What is your organizational RISP?

As we head into the beginning of June we will start to experience a few things that make this my favorite time of the year.  School has ended and the traffic here in the area will subside just a little.  I also have my birthday to look forward to in early June and Father’s Day is not far behind.  Without a doubt, the best reason to look forward to early June is the NCAA College Baseball Tournament, better known as the Road to Omaha.  Omaha, Nebraska is the site of the College World Series and it will be for many more years to come.  Making the field of 64 teams that play for a chance to make that journey is a thrilling experience and I’ll be in my seat at Hawkins Field this weekend as my team, the Vanderbilt Commodores, play in their own regional with three other worthy opponents.

The business world has challenging events daily and knowing how your players perform in the key events is very important.  Baseball is a game of statistics and a few of them are widely known.  Here are just a few:

  • Batting Average
  • Home Runs
  • RBI
  • Stolen Bases
  • Wins
  • Losses
  • ERA-Earned Run Average
  • WHIP-Walks + Hits per inning pitched
  • RISP-Batting average with runners in scoring position

Most of the statistics I listed above are widely known.  WHIP and RISP are a little less known and we will use the RISP metaphor today to compare baseball with business.

Hitting for average is important in baseball and so too is having a high success average in business.  We sometimes predict the future based on the past and sports, like business, use this past performance as a predictor of future success, or failure.

Baseball players who get one hit out of every three official at bats often make the hall of fame.  Even more important is how you hit with runners in scoring position.  Runners in scoring position are runners on second or third base when you come to bat.  Taking advantage of these opportunities will spell the difference between winning and losing in most every case.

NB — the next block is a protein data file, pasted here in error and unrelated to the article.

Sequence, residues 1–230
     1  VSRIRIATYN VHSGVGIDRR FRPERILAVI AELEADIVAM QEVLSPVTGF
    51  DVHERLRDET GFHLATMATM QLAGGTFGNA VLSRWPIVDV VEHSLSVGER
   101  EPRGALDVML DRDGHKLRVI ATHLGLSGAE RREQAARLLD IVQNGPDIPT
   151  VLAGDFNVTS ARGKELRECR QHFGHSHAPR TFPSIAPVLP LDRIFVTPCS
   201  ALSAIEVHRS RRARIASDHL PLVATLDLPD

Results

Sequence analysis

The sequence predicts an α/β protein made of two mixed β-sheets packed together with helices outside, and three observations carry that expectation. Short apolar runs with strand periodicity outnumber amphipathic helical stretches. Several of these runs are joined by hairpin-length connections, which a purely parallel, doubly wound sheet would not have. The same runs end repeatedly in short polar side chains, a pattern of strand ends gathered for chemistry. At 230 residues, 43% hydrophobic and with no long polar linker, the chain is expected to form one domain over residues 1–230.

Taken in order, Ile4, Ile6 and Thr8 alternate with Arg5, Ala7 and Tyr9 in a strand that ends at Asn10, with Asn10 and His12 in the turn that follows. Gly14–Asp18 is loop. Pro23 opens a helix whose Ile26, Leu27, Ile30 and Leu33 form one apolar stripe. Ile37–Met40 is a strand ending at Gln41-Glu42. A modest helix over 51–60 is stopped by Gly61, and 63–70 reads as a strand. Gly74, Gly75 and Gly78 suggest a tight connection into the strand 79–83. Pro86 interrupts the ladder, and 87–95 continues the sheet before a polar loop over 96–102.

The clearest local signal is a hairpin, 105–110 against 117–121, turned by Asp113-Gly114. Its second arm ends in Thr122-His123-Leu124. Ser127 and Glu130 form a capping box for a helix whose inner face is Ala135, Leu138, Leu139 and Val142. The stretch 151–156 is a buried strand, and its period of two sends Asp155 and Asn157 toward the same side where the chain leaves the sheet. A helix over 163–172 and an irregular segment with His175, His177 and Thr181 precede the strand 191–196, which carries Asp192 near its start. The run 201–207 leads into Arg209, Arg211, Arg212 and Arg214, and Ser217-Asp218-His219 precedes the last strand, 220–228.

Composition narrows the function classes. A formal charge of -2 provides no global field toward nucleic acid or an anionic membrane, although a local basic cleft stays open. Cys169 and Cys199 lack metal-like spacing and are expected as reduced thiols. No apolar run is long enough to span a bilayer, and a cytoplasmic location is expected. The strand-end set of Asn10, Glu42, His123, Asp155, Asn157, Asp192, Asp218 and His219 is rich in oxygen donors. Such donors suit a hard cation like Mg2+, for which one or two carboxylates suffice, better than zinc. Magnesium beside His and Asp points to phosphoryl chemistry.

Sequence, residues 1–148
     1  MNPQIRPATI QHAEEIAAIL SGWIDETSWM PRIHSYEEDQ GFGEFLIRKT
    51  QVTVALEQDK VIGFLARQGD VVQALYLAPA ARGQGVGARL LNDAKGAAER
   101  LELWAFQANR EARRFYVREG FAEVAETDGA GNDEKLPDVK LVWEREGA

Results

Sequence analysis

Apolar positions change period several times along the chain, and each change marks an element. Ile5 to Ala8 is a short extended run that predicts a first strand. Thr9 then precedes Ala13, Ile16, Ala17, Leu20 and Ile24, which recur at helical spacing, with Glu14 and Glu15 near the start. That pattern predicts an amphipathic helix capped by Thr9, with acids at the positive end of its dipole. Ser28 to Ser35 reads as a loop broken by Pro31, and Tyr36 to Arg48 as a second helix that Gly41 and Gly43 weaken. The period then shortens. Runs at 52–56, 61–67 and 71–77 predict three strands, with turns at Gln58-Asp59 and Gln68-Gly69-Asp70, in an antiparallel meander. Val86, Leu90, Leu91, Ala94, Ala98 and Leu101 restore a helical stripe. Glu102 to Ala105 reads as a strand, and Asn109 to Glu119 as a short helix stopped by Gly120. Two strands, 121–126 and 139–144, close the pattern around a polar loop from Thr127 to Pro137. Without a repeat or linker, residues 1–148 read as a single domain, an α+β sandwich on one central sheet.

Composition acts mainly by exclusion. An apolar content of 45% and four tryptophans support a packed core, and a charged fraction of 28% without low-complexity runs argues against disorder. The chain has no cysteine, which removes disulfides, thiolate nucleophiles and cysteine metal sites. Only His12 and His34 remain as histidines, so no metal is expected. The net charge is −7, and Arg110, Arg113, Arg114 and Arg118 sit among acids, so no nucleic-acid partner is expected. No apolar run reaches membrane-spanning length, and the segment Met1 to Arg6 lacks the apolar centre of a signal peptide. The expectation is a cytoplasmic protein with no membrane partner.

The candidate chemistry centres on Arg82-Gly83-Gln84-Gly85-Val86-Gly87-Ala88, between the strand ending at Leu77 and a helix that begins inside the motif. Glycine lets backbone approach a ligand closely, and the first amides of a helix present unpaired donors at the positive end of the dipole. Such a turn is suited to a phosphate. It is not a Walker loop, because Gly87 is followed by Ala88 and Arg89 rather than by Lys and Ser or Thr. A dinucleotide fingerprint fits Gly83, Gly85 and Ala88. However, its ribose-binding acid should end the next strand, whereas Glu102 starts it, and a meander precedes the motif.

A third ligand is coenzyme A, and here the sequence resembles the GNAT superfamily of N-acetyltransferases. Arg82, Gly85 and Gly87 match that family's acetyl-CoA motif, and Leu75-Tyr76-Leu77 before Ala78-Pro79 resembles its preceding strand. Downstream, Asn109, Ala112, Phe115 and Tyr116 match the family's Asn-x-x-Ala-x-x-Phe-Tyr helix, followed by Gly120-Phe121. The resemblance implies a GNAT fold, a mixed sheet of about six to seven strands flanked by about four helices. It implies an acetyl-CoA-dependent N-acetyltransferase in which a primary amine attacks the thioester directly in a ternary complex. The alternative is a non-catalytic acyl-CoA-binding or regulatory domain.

Business is the same.  Doing the right thing, making the right choice, when things are running at a normal pace is expected in business.  Having a low stress or no stress environment doesn’t put any pressure or expectation on anyone to deliver in the clutch.

The true performer, on the diamond or in the office, is someone who can knock in those base runners when they are in scoring position.  Business dictates that we understand the situation and do what it takes to get the desired result within the rules of the game, no differently than we do in baseball.  Things get a little tense when you have others on base or in the workplace who are counting on you.  You know, they know, and others know when the right move, the right decision needs to be made, especially in a high stress or pressure packed environment.  Having to decide when to expand, contract, change or adjust is challenging and is similar to having a high RISP in baseball.  Baseball teams want players who deliver in these challenging situations and business owners want the same.

Take the time to reflect, and even measure, how you and your team deliver when you have runners in scoring position, or “ducks on the pond” as we so often say on the diamond.

Anyone can deliver when things are going well.  You and your business need players, key contributors, who deliver in the clutch.  You need team members who can understand what is at stake and who can deliver the winning hit when everything is on the line.

 

What is your RISP?  What are you doing to increase your opportunities for success?

When I come back next time we will talk about strategies for taking advantage of these key situations.  No one remembers who played well when things were easy.  Everyone remembers who got the key hit, who made the key decision or move, when times were tough.